Few of us are fortunate enough to truly know what career we want to pursue from a young age. Gary Morris, director of choirs at Tech, was one of the few.
“I was raised around [music] in the church and school as well, but I really decided that I wanted to teach when I was in ninth-grade choir,” Morris said. “Then I got involved in All State and other things like that, and I knew that’s what I wanted to do. I just loved the choral music so much.”
Morris is known around Arkansas, the United States and even the world for his accomplishments. He has been in the business for forty-three years and has taught a multitude of choirs.
Morris started his degree at Arkansas State University and continued on to Vandercook College of Music and Westminster Choir College.
He has had the opportunity to study under many successful teachers throughout his career, but his main mentor was Alfred Skoog at Arkansas State University.
“Early on in my career, kind of like Forrest Gump, I was just in the right place at the right time,” Morris said.
Music education is not for the faint of heart. A large percentage of music students drop out after their first or second year. Students are tested and trained rigorously in music theory, ear training and piano for four semesters, which weeds out the unsure.
Morris himself struggled through it, but his passion kept him going.
“You have to love people, and you have to love music,” Morris said. “You have to love getting people to make music, but even more so, getting music to make people.”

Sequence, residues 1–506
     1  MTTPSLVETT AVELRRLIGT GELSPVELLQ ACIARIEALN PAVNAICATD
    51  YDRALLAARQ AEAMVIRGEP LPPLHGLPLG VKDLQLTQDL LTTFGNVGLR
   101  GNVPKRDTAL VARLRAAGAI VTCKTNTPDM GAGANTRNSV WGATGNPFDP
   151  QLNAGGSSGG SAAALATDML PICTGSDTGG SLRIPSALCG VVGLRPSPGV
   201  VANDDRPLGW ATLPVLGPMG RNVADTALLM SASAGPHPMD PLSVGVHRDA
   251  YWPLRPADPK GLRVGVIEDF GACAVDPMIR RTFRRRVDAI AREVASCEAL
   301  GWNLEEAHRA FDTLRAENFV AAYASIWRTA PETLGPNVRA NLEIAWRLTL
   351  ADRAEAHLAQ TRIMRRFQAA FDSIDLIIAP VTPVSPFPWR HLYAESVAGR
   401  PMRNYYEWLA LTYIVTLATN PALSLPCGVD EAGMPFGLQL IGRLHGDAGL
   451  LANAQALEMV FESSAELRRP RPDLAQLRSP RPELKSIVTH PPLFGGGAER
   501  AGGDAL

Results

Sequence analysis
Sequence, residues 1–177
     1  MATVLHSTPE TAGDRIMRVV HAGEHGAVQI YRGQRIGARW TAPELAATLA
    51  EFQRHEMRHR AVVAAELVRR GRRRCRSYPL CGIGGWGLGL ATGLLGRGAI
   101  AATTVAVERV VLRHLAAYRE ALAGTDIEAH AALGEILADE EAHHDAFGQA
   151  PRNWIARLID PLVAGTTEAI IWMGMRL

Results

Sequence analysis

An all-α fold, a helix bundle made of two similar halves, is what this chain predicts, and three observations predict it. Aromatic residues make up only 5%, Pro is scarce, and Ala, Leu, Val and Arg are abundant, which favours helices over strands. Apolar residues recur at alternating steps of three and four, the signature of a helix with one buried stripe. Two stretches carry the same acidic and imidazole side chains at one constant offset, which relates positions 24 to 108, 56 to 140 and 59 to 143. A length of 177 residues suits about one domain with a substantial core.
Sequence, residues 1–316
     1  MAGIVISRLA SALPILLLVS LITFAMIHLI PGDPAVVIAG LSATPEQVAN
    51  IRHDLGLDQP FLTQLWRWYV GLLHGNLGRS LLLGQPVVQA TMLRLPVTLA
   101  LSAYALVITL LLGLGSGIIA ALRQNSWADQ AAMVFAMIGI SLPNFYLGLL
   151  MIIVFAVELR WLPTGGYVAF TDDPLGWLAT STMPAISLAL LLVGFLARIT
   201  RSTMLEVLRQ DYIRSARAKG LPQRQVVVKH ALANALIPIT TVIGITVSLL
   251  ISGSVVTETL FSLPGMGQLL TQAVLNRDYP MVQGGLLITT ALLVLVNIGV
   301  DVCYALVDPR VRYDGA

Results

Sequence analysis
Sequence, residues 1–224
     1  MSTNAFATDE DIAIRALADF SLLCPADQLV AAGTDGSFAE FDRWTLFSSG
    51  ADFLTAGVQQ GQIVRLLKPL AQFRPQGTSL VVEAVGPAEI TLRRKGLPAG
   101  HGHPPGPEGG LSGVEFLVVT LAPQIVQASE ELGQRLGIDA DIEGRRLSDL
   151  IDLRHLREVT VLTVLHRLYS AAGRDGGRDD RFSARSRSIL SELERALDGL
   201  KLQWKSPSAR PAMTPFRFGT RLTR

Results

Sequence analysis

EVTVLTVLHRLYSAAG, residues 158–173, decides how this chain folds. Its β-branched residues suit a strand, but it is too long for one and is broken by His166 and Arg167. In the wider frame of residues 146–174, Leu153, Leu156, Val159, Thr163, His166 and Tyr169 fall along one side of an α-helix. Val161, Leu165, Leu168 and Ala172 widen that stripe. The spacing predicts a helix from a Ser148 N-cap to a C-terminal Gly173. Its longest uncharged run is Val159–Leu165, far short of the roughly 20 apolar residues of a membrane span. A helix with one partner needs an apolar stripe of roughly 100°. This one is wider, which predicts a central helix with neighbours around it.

Morris picks songs with meaning and shows his students how to connect with the music. If students need help connecting, he will sit the choir down during class and tell the back story and his experience with it. His passion for music is evident.
Morris refused the opportunity to apply for tenure, partially because of his age, but also because he cares for his choirs.
“Arkansas Tech became a reality, and I came here to help for a few years, and now I’m on number fourteen; I’m lucky,” Morris said. “I have always felt that if I wasn’t doing the job the university wanted, they should be free to replace me.”
Becoming a choir director is hard work, and Morris doesn’t hide that fact.
“You’ve got to really want to do it because it’s time consuming,” he said. “It’s tough, but it’s very, very rewarding. But if you don’t have that love to begin with—I just can’t imagine going to work somewhere where I didn’t love what I was doing.”